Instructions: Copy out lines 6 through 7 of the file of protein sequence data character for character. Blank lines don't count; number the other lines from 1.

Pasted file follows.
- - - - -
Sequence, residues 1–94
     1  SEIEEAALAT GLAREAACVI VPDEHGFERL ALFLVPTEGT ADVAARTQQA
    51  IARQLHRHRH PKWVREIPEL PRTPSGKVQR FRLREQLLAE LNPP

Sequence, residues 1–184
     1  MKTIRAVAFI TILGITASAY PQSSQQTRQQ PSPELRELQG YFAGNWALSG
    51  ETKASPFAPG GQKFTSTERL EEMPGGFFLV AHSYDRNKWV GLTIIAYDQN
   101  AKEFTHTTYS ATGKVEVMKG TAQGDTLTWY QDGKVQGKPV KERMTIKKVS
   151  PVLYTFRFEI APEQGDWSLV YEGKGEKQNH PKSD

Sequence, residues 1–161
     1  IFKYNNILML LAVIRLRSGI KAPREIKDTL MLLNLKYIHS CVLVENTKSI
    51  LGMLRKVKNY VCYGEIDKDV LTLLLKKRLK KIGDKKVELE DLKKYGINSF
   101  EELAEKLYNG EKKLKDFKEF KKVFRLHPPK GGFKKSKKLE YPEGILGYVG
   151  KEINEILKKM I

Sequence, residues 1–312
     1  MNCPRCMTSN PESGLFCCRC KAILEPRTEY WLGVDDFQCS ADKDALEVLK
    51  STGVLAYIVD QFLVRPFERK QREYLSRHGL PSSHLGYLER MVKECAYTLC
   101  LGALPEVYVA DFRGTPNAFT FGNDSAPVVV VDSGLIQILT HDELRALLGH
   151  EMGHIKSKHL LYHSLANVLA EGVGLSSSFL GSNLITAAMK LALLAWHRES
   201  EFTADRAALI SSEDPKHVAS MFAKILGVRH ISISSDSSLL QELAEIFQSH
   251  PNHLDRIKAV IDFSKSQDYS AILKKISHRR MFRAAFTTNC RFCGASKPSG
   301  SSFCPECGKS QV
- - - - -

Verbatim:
    51  ETKASPFAPG GQKFTSTERL EEMPGGFFLV AHSYDRNKWV GLTIIAYDQN
   101  AKEFTHTTYS ATGKVEVMKG TAQGDTLTWY QDGKVQGKPV KERMTIKKVS